Border Force staff are beginning the second in a series of strikes at UK airports until New Year’s Eve.
Around 1,000 members of the PCS union, many of whom work in passport control, will walk out from 28 to 31 December.
The union has warned the strikes could go on for months unless the government enters talks over pay.
Rail disruption will also continue on Wednesday and Thursday, with TSSA union members at Great Western Railway and West Midlands Trains on strike.
The Border Force walkouts are over pay, jobs and conditions as the cost of living rises.
- Border Force strikes could go on for months
- The strikes taking place in December and January
Civil servants will join military personnel to cover the strikers at Heathrow, Gatwick, Manchester, Birmingham, Cardiff and Glasgow airports, as well as the Port of Newhaven.
Earlier strikes from 23 to 26 December caused minimal disruption. A spokesperson for Heathrow said immigration halls for travellers were “free flowing” and that the airport experienced “no issues” resulting from the first series of strikes.
Meanwhile, driving examiners and rural payment officers at more than 250 sites across the UK are holding rolling strikes from 13 December to 16 January. Members of the PCS union at 71 driving test centres in eastern England and the Midlands will be on strike over five days from Wednesday.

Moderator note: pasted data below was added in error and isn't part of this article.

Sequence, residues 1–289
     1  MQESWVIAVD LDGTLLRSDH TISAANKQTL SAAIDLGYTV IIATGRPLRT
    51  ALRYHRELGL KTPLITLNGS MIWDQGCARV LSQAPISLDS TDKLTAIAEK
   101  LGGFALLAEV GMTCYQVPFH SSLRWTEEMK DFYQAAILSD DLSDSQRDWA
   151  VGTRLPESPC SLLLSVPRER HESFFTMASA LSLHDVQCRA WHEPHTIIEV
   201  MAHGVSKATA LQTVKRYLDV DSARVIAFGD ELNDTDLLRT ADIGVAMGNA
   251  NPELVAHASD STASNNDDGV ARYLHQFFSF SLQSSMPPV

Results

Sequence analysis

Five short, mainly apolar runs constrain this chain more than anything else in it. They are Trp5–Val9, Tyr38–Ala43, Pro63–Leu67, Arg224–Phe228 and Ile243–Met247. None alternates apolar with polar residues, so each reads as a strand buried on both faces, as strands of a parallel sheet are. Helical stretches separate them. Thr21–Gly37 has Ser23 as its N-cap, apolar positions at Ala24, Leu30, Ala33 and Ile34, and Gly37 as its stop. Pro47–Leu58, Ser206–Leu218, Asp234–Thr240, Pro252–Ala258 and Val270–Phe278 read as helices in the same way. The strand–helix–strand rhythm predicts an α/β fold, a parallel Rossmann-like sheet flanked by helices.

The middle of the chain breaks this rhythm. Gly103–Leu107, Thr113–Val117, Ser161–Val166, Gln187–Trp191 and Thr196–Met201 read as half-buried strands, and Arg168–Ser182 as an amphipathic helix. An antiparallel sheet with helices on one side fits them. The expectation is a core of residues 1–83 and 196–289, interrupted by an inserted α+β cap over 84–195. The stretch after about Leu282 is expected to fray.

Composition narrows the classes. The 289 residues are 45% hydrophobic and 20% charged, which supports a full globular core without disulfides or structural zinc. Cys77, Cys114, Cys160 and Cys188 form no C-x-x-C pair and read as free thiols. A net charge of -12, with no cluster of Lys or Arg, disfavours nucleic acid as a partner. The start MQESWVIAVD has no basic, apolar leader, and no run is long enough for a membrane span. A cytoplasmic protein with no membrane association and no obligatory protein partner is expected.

The PCS is calling for a 10% pay rise, better pensions, job security and no cuts to redundancy terms for all its members but the government has said the requested pay rises are “unaffordable”.
Ahead of the first wave of airport staff strikes, Prime Minister Rishi Sunak said his priorities were to reduce inflation.
“Part of that is being responsible when it comes to setting public sector pay. In the long term it’s the right thing for the whole country that we beat inflation,” Mr Sunak said.
Disruption to travel is also expected during upcoming rail strikes in January. Recent walkouts by rail staff have brought many parts of the country to a standstill.
The latest wave of rail staff strikes is expected to disrupt journeys for those travelling back to work after Christmas and New Year breaks.
RMT union members at Network Rail will resume their strike action over pay and conditions on Tuesday 3 and Wednesday 4 January.
They will walk out again on 6 and 7 January and there is a ban on any overtime for RMT members from 18 December to 2 January.
The Rail Delivery Group (RDG) said the striking RMT rail staff would mean only around 20% of services will operate and “half of the network will shut down”.
“There are likely to be even fewer services on 5 January due to a strike by drivers who belong to [the union] Aslef,” the RDG warned.